Earth, Planets and Space

, Volume 50, Issue 1, pp 9–14 | Cite as

Variable shape of magnetic hysteresis loops in the Chinese loess-paleosol sequence

Open Access
Article

Abstract

Shape of magnetic hysteresis loops of the Chinese loess-paleosol sequence is variable with low-field susceptibility and is weakly constricted in samples with intermediate susceptibility (~1.0 × 10−6 m3/kg). The analyses of the hysteresis loops show that both low- (ferrimagnetic) and high-coercivity (antiferromagnetic) components are present and the ferrimagnetic component dominate the magnetic characteristics. The ratio of ferrimagnetic over antiferromagnetic minerals (S ratio) and the superparamagnetic fraction increase with increasing susceptibility. Neither simple two-component mixtures of ferrimagnetic and antiferromagnetic minerals nor of single-domain and superparamagnetic grains fully explain the constricted hysteresis loops. We interpret the variation of the loop shape with susceptibility in the following way. When the ratio of the ferrimagnetic to antiferromagnetic contribution is relatively low (low susceptibility), the broad loop is controlled by lithogenic ferrimagnetic and antiferromagnetic minerals. For samples with intermediate susceptibility values, constricted shape originates from an addition of a broad loop from the lithogenic fraction and a narrow loop from a pedogenic fraction with high superparamagnetic content. Then with further susceptibility increase, the constricted shape almost disappears and the loop is dominated by the pedogenic fraction. The variation of hysteresis loop shape with susceptibility can be a useful indicator of the degree of pedogenesis for loess-paleosol samples.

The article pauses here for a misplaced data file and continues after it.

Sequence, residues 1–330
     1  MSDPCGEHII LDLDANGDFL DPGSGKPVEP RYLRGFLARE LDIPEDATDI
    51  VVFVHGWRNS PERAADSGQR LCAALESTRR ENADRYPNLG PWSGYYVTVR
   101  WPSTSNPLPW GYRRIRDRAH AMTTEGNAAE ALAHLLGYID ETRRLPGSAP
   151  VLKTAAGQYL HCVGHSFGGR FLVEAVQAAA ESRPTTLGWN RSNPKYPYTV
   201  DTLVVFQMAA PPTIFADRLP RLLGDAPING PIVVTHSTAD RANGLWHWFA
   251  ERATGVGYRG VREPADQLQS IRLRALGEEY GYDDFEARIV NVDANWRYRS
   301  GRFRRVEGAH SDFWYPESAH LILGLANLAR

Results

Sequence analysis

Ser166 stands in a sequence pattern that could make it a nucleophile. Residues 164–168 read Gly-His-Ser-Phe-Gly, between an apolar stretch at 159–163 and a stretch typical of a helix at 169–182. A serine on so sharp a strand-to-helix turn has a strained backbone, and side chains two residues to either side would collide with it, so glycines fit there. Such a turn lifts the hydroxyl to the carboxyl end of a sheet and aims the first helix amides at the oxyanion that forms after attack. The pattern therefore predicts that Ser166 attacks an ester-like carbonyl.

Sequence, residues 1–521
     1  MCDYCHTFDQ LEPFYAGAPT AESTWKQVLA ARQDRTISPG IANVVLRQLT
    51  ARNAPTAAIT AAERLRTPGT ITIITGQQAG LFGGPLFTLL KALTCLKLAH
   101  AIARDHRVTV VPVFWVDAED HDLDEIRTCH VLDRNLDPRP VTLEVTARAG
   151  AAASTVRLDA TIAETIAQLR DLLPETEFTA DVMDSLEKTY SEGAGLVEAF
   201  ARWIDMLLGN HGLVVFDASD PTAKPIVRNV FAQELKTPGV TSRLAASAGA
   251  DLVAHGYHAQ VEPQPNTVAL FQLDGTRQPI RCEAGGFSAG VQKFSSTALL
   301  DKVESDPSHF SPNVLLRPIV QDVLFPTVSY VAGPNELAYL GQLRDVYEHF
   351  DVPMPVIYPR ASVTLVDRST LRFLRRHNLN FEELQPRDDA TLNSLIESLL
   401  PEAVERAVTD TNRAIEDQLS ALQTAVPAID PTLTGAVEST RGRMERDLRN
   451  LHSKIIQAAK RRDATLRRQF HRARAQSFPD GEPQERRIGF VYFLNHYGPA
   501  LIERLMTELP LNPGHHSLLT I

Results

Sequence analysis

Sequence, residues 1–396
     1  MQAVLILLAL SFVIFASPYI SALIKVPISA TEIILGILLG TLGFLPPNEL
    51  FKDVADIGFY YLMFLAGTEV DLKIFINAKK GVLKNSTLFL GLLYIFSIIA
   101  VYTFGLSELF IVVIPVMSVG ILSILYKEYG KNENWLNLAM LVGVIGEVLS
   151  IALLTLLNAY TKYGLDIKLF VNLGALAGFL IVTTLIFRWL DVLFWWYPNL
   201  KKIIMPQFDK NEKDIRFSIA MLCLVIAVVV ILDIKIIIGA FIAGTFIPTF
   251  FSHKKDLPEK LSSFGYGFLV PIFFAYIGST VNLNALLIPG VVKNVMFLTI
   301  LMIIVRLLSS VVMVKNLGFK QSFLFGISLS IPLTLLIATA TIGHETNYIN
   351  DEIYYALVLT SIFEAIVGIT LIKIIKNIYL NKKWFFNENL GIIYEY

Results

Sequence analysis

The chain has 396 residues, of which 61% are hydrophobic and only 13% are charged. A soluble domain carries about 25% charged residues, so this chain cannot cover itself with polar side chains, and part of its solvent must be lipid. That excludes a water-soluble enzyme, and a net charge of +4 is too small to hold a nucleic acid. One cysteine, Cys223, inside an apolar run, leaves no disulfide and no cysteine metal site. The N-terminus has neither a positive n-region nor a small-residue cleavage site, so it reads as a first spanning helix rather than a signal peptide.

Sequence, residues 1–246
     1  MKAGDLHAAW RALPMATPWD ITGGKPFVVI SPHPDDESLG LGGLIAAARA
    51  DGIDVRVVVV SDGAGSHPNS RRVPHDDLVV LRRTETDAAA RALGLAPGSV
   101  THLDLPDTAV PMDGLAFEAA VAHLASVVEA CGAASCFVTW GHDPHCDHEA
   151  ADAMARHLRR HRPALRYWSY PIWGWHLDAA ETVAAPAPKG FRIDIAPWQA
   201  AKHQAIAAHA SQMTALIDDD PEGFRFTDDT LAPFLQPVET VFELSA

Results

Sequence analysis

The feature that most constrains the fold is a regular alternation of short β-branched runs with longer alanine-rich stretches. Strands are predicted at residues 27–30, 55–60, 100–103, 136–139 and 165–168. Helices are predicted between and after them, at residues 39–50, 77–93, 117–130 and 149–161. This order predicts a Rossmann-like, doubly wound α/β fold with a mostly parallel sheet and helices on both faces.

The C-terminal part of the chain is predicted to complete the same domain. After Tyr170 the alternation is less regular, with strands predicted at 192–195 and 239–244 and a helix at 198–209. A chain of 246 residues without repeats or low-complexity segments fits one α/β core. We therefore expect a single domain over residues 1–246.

Keywords

Hysteresis Loop Magnetic Hysteresis Loop Isothermal Remanent Magnetization Chinese Loess Plateau Thermal Demagnetization 

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Copyright information

© The Society of Geomagnetism and Earth, Planetary and Space Sciences (SGEPSS); The Seismological Society of Japan; The Volcanological Society of Japan; The Geodetic Society of Japan; The Japanese Society for Planetary Sciences. 1998

Authors and Affiliations

  1. 1.Division of Earth and Planetary SciencesGraduate School of Science, Kyoto UniversityKyotoJapan

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